Added by: Rebecca BuxtonAbstract: There is a deep well of rage inside of me. Rage about how I as an individual have been treated in philosophy; rage about how others I know have been treated; and rage about the conditions that I'm sure affect many women and minorities in philosophy, and have caused many others to leave. Most of the time I suppress this rage and keep it sealed away. Until I came to MIT in 1998, I was in a constant dialogue with myself about whether to quit philosophy, even give up tenure, to do something else. In spite of my deep love for philosophy, it just didn't seem worth it. And I am one of the very lucky ones, one of the ones who has been successful by the dominant standards of the profession. Whatever the numbers say about women and minorities in philosophy, numbers don't begin to tell the story. Things may be getting better in some contexts, but they are far from acceptable.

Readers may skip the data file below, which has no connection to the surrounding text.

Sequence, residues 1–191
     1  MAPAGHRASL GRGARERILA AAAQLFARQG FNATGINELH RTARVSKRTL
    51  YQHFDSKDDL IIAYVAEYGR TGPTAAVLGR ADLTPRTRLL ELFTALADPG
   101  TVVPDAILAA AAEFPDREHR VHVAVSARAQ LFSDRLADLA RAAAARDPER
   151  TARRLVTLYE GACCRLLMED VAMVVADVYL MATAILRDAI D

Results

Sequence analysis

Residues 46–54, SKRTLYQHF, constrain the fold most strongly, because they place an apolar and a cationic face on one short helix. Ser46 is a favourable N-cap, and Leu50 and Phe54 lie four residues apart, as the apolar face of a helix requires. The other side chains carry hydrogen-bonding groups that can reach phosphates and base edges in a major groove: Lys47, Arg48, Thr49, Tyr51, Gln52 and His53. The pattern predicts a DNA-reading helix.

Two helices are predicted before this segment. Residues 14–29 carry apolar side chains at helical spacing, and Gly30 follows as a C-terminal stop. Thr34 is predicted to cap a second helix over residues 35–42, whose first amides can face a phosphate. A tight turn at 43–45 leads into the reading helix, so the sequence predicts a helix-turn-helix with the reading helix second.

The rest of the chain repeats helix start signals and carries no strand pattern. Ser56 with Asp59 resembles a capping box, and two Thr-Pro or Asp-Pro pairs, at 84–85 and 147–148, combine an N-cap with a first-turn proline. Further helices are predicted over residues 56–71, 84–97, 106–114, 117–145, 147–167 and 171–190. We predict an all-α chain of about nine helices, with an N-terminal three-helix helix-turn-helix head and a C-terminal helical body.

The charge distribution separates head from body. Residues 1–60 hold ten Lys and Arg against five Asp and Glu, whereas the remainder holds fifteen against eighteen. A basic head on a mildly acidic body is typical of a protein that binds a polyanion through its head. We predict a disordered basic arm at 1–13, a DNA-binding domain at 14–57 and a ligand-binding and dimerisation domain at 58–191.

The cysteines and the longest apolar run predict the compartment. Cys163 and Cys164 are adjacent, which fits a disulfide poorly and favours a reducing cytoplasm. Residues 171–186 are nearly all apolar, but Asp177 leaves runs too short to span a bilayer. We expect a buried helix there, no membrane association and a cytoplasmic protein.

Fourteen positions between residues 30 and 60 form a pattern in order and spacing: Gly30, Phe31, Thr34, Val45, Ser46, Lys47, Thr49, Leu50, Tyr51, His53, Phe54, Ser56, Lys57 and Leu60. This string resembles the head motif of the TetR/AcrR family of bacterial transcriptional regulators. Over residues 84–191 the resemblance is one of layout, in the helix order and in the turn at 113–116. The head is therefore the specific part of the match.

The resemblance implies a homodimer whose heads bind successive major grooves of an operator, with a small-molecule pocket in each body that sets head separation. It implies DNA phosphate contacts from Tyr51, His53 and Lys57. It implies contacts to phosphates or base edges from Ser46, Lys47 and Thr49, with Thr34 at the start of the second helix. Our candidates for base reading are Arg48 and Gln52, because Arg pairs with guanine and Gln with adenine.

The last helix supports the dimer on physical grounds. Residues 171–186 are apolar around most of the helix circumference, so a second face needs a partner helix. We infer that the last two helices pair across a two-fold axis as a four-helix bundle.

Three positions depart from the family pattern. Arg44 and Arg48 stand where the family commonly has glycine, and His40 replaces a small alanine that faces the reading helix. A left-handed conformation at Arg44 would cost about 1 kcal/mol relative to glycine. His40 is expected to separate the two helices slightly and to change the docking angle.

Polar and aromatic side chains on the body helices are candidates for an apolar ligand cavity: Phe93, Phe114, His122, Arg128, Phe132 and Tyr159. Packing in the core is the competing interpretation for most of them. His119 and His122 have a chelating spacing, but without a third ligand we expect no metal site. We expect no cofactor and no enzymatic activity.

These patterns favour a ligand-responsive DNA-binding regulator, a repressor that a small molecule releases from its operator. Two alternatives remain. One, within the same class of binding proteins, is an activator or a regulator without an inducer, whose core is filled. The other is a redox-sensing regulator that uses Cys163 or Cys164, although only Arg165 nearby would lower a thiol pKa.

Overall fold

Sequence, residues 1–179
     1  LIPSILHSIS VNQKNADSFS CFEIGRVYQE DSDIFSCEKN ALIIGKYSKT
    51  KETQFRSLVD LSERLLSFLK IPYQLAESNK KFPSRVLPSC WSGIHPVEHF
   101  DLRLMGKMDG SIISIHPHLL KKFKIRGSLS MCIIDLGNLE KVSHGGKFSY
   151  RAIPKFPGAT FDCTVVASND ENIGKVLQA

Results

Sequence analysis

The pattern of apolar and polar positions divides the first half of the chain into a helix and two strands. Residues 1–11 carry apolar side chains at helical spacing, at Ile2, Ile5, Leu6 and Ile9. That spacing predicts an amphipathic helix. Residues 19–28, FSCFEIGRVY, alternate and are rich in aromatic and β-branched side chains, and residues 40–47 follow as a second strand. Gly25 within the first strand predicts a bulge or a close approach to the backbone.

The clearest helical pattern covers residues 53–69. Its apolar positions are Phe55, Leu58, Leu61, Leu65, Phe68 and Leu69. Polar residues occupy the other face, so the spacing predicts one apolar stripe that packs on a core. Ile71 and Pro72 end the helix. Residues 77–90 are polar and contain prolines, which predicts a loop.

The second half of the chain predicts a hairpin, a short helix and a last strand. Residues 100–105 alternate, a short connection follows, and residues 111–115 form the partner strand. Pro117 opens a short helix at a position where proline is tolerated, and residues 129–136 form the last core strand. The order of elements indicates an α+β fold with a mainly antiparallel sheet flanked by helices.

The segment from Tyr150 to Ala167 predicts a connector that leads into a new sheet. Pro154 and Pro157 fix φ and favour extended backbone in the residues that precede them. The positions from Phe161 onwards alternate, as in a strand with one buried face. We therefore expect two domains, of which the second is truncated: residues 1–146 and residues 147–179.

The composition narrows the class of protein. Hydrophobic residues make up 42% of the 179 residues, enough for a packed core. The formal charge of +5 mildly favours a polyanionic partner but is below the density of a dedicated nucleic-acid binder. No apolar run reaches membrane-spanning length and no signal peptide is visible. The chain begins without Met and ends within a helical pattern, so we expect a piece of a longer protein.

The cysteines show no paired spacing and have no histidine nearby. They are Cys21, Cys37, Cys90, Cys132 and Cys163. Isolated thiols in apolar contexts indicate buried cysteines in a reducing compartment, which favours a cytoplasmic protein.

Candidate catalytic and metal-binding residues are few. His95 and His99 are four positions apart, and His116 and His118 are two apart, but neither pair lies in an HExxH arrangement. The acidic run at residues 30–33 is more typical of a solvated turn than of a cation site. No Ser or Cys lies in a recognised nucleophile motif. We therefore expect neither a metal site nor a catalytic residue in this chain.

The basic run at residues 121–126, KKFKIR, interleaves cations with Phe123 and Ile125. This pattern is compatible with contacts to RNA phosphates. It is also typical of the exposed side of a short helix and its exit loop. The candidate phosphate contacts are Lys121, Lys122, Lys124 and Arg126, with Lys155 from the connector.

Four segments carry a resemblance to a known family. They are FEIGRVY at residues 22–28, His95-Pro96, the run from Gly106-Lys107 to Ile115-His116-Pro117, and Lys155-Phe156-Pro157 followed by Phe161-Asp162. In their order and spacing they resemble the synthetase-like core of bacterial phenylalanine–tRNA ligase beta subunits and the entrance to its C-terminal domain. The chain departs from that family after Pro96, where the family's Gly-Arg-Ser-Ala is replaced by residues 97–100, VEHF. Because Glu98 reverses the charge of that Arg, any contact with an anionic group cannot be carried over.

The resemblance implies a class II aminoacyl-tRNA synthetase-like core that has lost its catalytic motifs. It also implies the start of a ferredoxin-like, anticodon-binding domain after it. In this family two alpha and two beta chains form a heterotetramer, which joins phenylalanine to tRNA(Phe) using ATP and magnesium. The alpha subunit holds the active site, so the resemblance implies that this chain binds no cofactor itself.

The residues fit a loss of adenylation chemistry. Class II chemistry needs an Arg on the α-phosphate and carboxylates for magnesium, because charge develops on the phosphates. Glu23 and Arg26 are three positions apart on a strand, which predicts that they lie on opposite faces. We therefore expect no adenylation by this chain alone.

Comment: In her 2007 paper, Haslanger sets out the situation of women in philosophy with a particular focus on instutional academic settings. This paper discusses how women are excluded from philosophy (both contemporary and historical) as well as thinking about disciplnary boundaries: why is it that feminist philosophy is not often thought of as 'real' philosophy?Export citation in BibTeX formatExport text citationView this text on PhilPapersExport citation in Reference Manager formatExport citation in EndNote formatExport citation in Zotero format
Haslanger, Sally. Changing the Ideology and Culture of Philosophy: Not by Reason (Alone)
2007, Hypatia, 23 (2): 210–23.
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